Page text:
25.11.11 Fragile

Julia Stewart - Fragile

25th NOVEMBER 2011: Opening celebration for two ceramics exhibitions -

Julia Stewart's Fragile


From Human Hands by Cynthia Manietta

on Friday at 7pm.

Fragile - Works by Julia Stewart

I’ve had fun playing with the concept of fragile in my ceramic practice. It is a word with many meanings:

easily broken, delicate, brittle, frail, vulnerable,

lacking substance or force, flimsy..

Fragile also describes the processes and outcomes achieved with my use of cellulose fibre to create moulded porcelain pots. I liken the practice to my experiences as

a mother and latterly a nurse. Where, in an ideal situation,

I notice a fragile situation and offer focused

and timely support which hopefully results in

the conservation of personal agency.

The strawberry figs on the other hand are moulded from plaster which results in a delicate form that allows the porcelain to pick up on the detail of the fruit. Often I found the liquid clay did not cover all surfaces equally. It reminded me of fruit eaten by bats.

At this same time, bats were making news headlines. They are struggling to cope with changing habitat. Scientists now believe that as a result of their food chain being degraded, bats are carrying a heavy and varied viral disease load that can be lethal to humans. Though very fragile creatures, bat colonies can also cause major degradation to native forests. Because of these issues community opinion is divided about the value of bats. Therefore, bats themselves are vulnerable creatures

and it is not uncommon sight to see bats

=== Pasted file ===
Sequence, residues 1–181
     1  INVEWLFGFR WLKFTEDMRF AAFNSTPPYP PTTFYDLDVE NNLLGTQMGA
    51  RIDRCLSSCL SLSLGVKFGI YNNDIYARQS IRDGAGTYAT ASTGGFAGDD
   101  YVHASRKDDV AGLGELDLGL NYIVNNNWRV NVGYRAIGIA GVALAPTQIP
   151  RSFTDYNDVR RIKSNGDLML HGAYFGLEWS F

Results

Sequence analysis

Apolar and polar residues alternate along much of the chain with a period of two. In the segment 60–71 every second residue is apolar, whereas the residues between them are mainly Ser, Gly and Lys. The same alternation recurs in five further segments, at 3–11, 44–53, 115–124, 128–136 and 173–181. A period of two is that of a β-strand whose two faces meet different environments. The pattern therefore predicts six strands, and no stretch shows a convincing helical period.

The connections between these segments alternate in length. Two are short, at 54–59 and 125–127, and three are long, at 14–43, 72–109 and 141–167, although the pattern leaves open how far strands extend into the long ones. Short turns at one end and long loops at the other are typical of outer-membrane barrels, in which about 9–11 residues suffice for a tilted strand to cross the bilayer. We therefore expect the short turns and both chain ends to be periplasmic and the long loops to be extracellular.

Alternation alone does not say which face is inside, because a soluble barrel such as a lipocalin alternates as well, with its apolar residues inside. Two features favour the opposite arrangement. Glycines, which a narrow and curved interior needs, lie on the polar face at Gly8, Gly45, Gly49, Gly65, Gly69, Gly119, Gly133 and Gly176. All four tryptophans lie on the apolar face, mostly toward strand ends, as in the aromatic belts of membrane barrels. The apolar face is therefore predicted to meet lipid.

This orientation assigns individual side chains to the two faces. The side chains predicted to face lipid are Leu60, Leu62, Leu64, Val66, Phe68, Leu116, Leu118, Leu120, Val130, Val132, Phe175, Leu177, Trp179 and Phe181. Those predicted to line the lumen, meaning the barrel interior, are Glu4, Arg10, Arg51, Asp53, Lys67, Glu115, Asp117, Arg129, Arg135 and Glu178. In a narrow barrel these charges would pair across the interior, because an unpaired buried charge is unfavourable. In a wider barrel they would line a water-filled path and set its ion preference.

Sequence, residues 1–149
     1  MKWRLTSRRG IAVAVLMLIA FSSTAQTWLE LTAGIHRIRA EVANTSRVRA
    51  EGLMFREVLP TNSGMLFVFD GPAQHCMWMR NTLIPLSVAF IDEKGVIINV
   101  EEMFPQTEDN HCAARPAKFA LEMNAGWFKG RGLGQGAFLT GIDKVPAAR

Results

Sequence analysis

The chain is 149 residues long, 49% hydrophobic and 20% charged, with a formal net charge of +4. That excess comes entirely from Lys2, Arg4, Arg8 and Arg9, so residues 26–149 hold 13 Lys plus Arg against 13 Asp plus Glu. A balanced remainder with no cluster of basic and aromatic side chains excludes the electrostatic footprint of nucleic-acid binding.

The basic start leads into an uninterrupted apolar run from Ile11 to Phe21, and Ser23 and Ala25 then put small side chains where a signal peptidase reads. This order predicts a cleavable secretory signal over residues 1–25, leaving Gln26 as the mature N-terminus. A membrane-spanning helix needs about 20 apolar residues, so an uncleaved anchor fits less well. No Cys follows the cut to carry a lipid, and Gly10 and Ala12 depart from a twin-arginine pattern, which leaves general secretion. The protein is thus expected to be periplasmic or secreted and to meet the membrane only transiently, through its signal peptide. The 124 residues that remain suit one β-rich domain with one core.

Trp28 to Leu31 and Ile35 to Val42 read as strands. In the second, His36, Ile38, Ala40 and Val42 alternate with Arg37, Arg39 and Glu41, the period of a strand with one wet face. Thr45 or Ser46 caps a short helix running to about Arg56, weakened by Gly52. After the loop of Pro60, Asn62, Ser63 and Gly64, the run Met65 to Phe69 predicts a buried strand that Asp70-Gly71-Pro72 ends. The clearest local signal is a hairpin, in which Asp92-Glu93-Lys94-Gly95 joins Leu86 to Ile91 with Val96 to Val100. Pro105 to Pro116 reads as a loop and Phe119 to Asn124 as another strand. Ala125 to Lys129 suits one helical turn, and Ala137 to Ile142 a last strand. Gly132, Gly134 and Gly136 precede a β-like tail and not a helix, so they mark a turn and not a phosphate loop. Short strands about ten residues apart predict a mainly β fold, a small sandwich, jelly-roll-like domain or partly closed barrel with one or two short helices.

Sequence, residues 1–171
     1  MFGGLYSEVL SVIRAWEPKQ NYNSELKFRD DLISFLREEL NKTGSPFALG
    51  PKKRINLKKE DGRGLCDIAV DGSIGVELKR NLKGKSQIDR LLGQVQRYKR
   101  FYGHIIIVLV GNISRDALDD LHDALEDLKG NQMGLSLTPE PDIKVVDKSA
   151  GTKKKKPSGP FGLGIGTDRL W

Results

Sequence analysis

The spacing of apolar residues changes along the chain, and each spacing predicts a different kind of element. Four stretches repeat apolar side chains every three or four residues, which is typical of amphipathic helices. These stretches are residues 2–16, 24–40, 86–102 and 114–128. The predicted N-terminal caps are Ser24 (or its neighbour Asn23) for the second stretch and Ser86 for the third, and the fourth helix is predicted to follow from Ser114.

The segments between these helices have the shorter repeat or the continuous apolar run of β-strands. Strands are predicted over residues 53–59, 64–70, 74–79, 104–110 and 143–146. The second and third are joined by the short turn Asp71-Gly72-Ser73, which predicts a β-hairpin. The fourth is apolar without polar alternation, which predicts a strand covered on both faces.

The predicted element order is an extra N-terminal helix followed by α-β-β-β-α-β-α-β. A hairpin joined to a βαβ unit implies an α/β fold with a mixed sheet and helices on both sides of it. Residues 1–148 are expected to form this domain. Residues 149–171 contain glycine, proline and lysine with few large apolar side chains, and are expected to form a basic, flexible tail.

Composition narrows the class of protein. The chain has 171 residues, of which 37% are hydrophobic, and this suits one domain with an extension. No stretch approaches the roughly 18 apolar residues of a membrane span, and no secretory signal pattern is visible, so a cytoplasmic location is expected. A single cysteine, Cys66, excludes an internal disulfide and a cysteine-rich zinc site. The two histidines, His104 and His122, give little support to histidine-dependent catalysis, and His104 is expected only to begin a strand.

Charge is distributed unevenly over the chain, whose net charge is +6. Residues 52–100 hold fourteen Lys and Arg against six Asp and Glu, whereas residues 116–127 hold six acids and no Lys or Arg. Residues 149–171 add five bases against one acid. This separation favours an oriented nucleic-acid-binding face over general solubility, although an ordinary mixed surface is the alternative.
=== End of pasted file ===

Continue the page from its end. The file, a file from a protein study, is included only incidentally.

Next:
hanging from power lines alongside roads,

or caught in nets protecting fruit trees.

It was the vulnerability of bats and their visual fragility which I linked to the moulded fruits I was making

– both consistent with my concept of fragile.


I continue to explore the concept fragile as

I display the works for exhibition.


Julia was a health professional for many years and practiced ceramics as a pastime. Since retirement from the health workforce Julia has formalised her ceramic studies to add vigour to her ceramic practice.

In ceramics, I supported each flexible mould until

the liquid clay was sufficiently solid to stand alone …

but not become rigid. The still soft clay had the

capacity to move and take on a unique form.

This process of creating a strong pot from

something initially so fragile epitomises life.


is on view from the 15th until the 28th of November 2011.

Julia's innovative suspended shelving

displays her porcelain artworks to the full.

 Merriel Hume gives the opening speech.

Glazed cylindrical pots.